Denkmal 7, Schirn Kunsthalle Frankfurt, Römerberg 7, Frankfurt am Main, 2005, created for the Schirn, is concerned with the art institution as such and its reconversion. Denkmal 7, Schirn Kunsthalle Frankfurt, Römerberg 7, Frankfurt am Main, 2005 is accessible en passant. A 12 x 12 meter wooden box is built in front of the Schirn. Its colors allude to its surrounding: the greens of the sparse plants (but also a color characteristic of the artists aesthetic), the reddish brown of the facade of the cathedral, the white of the Schirn exhibition spaces and thus of the white cube as a framework for presenting art. The box is accessible through two entrances. Through the outer entrance, the visitor arrives in the exhibition space, reconceived as the Museum JDC, where they are confronted a labyrinthine wood formation. This form is distinguished by a precise, mathematical construction of closely placed, mirrored, and interlocked spatial elements. A second entrance, which also functions as the ticket window for the Schirn, combines the exhibition space of the Museum JDC with the spaces of the Schirn, which can be reached by a staircase that has been integrated into the exhibition. The path leads into the rotunda, whose circular floor plan establishes an architectonic opposite pole to the quadratic floor plan of the box. Approximately thirty large-format photo sculptures by Jan De Cock are exhibited in the rotunda. Visitors find themselves in an exhibition space again, but it is also a public space, because its continuous glass facade permits views in all directions. As they move en passant from the public space into the private and precisely defined space of the Museum JDC, they are once again transferred to a public space in the exhibition space proper.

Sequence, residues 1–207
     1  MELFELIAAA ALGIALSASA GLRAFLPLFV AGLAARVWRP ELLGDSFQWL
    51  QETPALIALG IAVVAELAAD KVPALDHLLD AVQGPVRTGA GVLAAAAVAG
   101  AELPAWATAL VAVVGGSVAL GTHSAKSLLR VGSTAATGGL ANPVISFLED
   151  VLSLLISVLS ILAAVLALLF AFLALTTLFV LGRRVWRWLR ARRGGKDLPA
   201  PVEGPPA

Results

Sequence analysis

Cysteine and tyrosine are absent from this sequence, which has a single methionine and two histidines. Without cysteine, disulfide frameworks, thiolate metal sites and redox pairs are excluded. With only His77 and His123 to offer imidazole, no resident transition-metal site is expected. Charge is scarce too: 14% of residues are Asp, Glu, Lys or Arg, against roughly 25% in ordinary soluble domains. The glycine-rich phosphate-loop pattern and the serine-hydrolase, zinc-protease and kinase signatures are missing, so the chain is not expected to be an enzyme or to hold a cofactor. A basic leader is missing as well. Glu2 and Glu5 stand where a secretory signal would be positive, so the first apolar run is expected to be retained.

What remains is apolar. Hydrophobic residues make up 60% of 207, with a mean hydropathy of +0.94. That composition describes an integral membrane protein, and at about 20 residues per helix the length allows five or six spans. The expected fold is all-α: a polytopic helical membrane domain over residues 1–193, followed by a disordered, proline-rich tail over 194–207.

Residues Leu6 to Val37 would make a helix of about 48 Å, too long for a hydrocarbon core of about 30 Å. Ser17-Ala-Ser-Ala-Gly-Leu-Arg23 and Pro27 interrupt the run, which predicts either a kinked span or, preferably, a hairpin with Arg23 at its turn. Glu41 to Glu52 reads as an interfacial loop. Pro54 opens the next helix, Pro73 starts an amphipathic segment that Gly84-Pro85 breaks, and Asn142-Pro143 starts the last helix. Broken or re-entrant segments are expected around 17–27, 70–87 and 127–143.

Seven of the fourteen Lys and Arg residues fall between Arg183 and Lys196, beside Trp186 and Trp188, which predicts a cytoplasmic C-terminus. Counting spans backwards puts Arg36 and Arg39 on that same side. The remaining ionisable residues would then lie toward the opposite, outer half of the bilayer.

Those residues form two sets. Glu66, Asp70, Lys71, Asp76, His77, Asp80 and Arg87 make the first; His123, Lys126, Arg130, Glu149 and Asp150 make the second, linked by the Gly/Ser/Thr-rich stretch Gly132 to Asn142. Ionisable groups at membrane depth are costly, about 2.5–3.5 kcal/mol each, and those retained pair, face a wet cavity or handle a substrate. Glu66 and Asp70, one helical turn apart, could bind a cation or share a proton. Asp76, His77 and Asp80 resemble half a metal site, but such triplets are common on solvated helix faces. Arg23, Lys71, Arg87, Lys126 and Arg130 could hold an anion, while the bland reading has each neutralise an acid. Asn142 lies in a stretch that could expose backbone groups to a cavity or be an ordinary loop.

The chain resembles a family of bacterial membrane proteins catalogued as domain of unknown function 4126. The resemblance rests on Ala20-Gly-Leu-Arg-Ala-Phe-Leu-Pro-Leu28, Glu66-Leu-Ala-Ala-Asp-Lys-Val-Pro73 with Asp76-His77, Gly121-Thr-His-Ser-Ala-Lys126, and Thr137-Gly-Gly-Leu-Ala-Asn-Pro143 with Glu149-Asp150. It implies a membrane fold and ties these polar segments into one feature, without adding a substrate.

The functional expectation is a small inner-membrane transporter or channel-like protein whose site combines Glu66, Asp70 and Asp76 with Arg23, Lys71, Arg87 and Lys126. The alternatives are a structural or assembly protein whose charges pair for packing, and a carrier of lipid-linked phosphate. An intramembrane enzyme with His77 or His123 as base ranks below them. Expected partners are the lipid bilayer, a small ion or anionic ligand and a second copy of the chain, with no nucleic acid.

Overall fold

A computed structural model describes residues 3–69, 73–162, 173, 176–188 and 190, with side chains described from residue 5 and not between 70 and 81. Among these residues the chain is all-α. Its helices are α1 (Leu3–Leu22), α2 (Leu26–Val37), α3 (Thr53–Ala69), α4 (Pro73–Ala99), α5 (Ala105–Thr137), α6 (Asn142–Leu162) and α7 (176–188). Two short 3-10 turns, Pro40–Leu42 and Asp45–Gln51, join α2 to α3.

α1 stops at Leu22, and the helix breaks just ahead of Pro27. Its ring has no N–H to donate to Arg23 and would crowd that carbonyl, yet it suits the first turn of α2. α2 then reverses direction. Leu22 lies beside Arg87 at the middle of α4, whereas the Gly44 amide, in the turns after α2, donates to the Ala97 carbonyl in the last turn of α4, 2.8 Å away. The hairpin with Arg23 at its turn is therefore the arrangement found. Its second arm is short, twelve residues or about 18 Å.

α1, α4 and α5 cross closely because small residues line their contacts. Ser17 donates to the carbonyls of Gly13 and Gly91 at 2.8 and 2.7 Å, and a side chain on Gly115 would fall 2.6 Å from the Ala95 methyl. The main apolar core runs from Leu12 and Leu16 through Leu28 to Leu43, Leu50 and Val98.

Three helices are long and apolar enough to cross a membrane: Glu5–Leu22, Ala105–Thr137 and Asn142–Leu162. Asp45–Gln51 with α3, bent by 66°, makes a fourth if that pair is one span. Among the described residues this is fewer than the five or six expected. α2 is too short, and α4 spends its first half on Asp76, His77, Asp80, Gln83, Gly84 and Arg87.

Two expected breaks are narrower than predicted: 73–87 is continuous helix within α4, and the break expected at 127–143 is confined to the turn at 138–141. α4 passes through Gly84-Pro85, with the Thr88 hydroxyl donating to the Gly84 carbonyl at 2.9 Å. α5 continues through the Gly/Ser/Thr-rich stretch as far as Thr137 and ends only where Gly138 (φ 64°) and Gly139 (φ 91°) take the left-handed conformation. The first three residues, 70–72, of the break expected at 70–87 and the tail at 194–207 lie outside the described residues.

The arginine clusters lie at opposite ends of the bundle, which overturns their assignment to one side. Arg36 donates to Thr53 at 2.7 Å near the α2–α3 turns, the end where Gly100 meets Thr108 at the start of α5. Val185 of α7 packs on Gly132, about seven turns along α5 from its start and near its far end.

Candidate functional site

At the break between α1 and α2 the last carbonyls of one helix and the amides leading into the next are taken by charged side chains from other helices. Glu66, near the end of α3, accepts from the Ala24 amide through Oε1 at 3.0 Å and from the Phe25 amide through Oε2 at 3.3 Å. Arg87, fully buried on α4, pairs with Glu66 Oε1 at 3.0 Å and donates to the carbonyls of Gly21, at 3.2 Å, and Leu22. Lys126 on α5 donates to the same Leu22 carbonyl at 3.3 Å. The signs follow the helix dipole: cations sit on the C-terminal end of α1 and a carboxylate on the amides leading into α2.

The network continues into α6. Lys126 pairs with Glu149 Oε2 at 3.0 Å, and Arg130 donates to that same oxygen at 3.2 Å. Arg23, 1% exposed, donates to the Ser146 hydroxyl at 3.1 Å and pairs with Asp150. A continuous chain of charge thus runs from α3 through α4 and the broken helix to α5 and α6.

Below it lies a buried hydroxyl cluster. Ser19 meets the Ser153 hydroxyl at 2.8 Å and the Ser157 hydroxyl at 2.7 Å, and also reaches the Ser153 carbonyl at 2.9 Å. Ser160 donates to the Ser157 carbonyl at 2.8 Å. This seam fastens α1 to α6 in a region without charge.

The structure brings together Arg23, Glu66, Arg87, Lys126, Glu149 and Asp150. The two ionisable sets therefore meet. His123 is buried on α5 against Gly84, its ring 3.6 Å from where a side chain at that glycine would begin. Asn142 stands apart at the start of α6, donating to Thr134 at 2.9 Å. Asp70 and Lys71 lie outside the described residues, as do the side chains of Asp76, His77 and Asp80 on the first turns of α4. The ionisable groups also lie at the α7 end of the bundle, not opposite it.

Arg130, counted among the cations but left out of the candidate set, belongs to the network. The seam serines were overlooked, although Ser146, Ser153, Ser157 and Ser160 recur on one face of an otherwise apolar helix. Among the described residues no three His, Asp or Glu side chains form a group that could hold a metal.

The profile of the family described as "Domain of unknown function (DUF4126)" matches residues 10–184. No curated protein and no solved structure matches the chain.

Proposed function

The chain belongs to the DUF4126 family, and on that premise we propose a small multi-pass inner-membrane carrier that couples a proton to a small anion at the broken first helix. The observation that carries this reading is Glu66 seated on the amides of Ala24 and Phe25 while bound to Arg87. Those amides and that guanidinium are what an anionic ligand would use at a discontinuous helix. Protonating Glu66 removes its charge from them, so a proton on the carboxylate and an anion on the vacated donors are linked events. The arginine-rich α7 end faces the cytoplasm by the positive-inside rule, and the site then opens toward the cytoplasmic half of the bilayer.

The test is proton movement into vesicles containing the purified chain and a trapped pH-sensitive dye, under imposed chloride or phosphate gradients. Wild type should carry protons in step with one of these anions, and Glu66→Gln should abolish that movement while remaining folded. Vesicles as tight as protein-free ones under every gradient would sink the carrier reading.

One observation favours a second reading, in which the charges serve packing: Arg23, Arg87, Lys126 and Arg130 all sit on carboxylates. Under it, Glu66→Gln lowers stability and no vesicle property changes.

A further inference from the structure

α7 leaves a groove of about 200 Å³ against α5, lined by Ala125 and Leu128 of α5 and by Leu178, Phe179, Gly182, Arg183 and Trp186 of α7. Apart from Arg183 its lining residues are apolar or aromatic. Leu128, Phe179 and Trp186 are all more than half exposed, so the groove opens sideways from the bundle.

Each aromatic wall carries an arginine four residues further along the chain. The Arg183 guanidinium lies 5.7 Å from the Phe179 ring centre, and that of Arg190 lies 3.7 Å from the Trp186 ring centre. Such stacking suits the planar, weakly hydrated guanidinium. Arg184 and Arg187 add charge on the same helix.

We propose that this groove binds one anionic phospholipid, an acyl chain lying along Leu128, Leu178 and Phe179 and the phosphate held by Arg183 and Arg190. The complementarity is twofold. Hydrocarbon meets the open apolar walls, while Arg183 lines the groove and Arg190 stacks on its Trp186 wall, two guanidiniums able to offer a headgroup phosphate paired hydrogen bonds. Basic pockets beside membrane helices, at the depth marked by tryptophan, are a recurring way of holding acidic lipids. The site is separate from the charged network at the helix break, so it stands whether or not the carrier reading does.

A door leads from the rotunda to a space that is filled with several monumentsJan De Cocks name for the modulesand that relates to the typical situation for exhibiting art, familiar from its institutional framework. Unlike the situation created by the box, whose tight construction literally surrounds the visitor, the monuments create distance and instead activate in us our typical attitude to perceiving art objects.

Jan De Cocks oeuvre has echoes of Donald Judds Minimalist aesthetic and treatment of space as well as Marcel Broodthaerss questioning of the context of art. De Cocks penetrating and clear formal language and his theoretical engagement with the institutional art presentation make his work one of the most exciting oeuvres in the fields of installation and sculpture.

In recent years Jan De Cock has created a series of large-format works, including Denkmal 23II in the Palais des Beaux-Arts in Brussels, Denkmal 9 in the Henry van de Velde University Library in Ghent, and Denkmal 10 in the De Appel in Amsterdam. Denkmal 1, the successor to the Frankfurt work, will be on view in Tate Modern in London from 9 September to 12 November, 2005. In late 2005 he will publish an extensive artists book that will document both projects.
DIRECTOR: Max Hollein
CURATOR: Matthias Ulrich
OPENING HOURS: Tue, Fri - Sun 10 a.m.- 7 p.m., Wed and Thur 10 a.m. - 10 p.m.
INFORMATION: www.schirn.de